An independent small press poetry review

NHI independent review
Wild Women Press
10 The Common
LA23 1JH
ISBN 0 9536989 4 7

Wild Women Press
ISBN 0 9536989 7 1

Wild Women Press
ISBN 0 9554172 0 1

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FRAGILE BODIES is an energetic collection at once fluent and restless and the poet's raw emotions and observations about her sexuality are abundant. These are poems about relationships, isolation and desire that lead the reader through a catalogue of experience. One could quote at random. Here are two stanzas, one from EROS and the other from POEM 5:

	I am becoming body,
	all these senses, tugging
	to touch you, to wander
	the blind territories of your skin,
	Why is it so hard to write this?
	Your syrup skin
	against the midnight jasmine.
	How my body screams for you.
The poems frequently sound as though they were written directly from the moment to the event. Directness, indeed, is one of Bennett's salient features; virtues even, both in her confrontation of experience and the language she brings to its description. As the quotations above suggest she is a sensual poet, unashamed and accepting of her body's needs and desires.

At one level this sensuality can be seen as adventurousness, a manipulation of the confident energy and abundance of joy in giving full rein to one's feelings. But it also suggests restlessness, a physical agitation figuring a restlessness of the spiritual side of life. MIGRATION implies this as the poet wonders what might happen to the future of her relationship:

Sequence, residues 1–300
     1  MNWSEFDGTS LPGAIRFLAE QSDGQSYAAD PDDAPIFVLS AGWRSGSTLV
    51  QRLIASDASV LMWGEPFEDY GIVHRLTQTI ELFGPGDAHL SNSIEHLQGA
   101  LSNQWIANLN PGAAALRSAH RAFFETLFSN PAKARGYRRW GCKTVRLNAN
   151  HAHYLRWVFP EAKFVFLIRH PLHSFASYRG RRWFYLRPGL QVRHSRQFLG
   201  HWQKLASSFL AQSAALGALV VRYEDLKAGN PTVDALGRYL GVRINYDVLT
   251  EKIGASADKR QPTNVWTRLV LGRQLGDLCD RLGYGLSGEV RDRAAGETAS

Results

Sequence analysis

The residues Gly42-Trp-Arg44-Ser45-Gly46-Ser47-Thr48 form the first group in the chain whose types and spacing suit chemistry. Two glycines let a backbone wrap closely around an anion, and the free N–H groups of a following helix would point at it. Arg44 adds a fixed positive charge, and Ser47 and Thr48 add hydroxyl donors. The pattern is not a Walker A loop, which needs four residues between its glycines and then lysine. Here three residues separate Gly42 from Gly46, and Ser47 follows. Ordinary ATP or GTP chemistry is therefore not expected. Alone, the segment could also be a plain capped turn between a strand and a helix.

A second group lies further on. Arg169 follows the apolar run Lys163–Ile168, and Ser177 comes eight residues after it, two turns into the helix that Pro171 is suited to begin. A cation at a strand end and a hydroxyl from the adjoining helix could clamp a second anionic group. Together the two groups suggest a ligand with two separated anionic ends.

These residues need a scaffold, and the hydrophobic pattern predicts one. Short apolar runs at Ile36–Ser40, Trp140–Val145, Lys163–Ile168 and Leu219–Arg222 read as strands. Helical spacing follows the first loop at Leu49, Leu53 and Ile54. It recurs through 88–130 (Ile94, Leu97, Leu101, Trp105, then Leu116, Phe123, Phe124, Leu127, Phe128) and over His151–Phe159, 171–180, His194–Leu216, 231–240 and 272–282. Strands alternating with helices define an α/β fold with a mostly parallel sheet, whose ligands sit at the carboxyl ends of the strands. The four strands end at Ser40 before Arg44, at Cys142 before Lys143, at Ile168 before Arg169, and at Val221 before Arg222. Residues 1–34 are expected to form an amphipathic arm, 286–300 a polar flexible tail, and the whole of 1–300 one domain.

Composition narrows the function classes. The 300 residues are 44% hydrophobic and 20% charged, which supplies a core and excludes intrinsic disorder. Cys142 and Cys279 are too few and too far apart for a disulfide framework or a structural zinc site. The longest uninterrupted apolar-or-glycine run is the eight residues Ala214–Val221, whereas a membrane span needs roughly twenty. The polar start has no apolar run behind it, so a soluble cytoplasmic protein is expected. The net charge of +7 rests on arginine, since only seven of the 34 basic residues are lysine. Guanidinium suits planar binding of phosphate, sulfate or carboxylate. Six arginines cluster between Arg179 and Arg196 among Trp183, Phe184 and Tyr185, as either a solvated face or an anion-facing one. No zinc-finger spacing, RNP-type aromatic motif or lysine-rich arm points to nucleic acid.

I am learning you
	so that I can carry you with me
	when all this becomes
	a fantastic glitch
	in an otherwise imperfect life,
While Bennett's poetry is full of joie de vivre, of pleasurable immersion in the world, the body, and the senses, it is also nervous, as though at any moment the experience might slip away. It is partly a diversion from an underlying anxiety
	the way the future seems
	both clear and dangerous
It is at once celebratory and alienated. In their obsessive attention to sexuality, to minute details, and physicality, the poems reflect an implicit awareness that things may not last
	such raging extravagance
	is not meant to last the summer
These two elements, the joyous and the anxious, somehow seem present simultaneously, which results in a tension between exhilaration and nervousness. Scattered through the book are some excellent sparer poems POEM 16, NIGHTINGALE, POSTCARD HOME like pools of calm. Their impact is significant.

In FOREIGN BODIES one finds a melancholy that sits oddly close to ecstasy, as in the poem DO YOU WANT TO TALK ABOUT IT? where,

	There is only space filled with dark,
	the glutinous fluid of grief that slows 
	our lives down to an almost stillness.
Loss stalks these poems, not as a bogeyman but as a constant presence one has to keep one's peace with. In THE SHAPE OF THINGS Bennett says,
	How I wish I could reach you, 
	find the way to make the sounds
	that will bring you back,
	but we are speechless 
And the poems sing back, in muffled form from LET IT COME, sounding as though the poet has come to the realisation that she will be waiting for her lover to return. The poem has a lightness that begins with a brief sweet melody
	grieve my love and let the tears flow,